LINDSEY WALKER doesn't talk to "corporate media." But as she looked over a bright expanse of Colonel Summers Park on Monday evening, July 8, anger betrayed principle.
Walker first offered only a terse comment on Food Not Bombs, the group she works with serving free meals at the park on Mondays and Fridays. And she grudgingly showed off the red brick pavilion where the organization's volunteers set up shop in inclement weather. The city's parks bureau is talking about fencing the shelter off.
Soon, Walker wasn't even trying to stop herself.
"We've been fucking oppressed in this fucking park for a year and half," she said, voice echoing out from the pavilion to the grass where people were finishing their food. "They're full of shit. They're lying."
Perhaps more than any other city park, Southeast Portland's Colonel Summers has for years been a magnet for the city's many subcultures. On this Monday, two men fenced with plastic swords near the tennis courts, and a group practiced hula-hoop routines nearby. There was kickball, of course, and bo staffs in evidence.
This year, Colonel Summers is also shaping up as something of a battleground.
The city's parks bureau says the 5.9-acre plot has become a problem area, replete with underage drinking, drug use, and occasionally serious vandalism—three portable toilets have been set on fire, as has a bench.
But the bureau's strategy for combating those problems is drawing backlash. Portland Parks and Recreation (PP&R) has stepped up ranger patrols at Colonel Summers this year, pleasing neighbors but spurring claims of unfair treatment from Food Not Bombs organizers and patrons.
"Thousands of people use Colonel Summers Park every year, and the vast majority of them use it appropriately and positively," parks spokesman Mark Ross wrote in an email. "Our goals are to ensure that the park is safe, accessible, and welcoming for all park users."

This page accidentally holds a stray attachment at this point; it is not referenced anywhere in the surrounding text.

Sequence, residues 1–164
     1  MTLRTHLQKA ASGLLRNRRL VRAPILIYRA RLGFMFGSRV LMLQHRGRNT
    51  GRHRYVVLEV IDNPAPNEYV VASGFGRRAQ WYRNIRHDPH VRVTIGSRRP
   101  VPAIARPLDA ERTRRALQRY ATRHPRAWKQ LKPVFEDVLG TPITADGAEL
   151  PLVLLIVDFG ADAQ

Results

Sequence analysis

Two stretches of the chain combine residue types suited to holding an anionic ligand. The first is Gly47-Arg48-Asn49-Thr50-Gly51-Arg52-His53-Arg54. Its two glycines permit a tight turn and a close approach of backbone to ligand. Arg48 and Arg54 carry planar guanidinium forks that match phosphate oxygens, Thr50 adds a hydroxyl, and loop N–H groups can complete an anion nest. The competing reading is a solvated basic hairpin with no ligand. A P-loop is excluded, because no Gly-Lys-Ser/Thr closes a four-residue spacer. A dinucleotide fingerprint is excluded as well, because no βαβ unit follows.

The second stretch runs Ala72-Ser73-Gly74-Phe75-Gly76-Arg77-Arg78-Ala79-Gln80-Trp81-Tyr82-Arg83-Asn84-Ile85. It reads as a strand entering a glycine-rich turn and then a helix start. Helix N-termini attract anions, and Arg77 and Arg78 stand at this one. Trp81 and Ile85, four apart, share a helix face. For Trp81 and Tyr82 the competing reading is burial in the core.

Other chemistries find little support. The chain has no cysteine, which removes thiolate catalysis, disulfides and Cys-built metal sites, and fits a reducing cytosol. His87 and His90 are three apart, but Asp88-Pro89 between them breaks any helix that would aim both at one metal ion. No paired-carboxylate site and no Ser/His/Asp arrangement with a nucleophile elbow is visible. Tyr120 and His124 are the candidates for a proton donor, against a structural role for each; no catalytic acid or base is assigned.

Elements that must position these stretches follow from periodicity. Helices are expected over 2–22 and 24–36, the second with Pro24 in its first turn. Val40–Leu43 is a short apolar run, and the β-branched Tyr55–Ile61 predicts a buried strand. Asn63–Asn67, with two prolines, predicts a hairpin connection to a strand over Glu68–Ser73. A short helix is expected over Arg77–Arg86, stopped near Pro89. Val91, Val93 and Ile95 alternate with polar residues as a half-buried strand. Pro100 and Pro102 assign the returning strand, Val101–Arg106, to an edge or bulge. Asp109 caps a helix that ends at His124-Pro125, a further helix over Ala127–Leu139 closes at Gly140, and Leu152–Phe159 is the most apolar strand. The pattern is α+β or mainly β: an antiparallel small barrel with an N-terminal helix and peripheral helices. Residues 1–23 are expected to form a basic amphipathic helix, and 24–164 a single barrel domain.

He added: "Regarding the Food Not Bombs folks, our staff has stressed to them that their work is one of the activities that PP&R and the community welcome and support in the park."
Parks has held two meetings with neighbors about Colonel Summers. At another meeting set for Monday, July 15, staffers will take the public's temperature on more possible changes, such as trimming back the park's large bushes to increase visibility and removing a set of stairs. Most controversially, the parks bureau has also floated fencing off the pavilion, giving access only to permitted parties.
"Parks and rec wants bars not food!" Walker announced to around 25 people gathered near the pavilion on Monday, sampling the night's fare (tofu pad thai, bean salad, greens, and fruit salad). "Spread the word. Let everybody know."
Across the street, Chris Boothby was watering the garden in front of his brown-and-white, two-story home. Asked how he likes living near Colonel Summers, Boothby said: "It sucks sometimes."
Ever since he moved in nine years ago, he said, noise has been an issue at the park. He's got no problems with what goes on there during the day—he sees Food Not Bombs, for instance, as a boon—it's just he needs his sleep. Until recently, Boothby, 61, said he called the police roughly once a week about people in the park after its 10 pm closing. "It's been a whole lot better this summer, because the police have actually done their job for a change."
Boothby says he opposes closing off the pavilion. Other neighbors, meanwhile, wonder whether the increased ranger and police enforcement isn't enough, whether the city might be overreaching on suggestions to physically alter Colonel Summers.
"I've been very skeptical of this plan, and confused," said Susan Lindsay, chairwoman of the Buckman Community Association. "Most of all confused. I guess I feel like they're going this way because it's just easier to fence it off."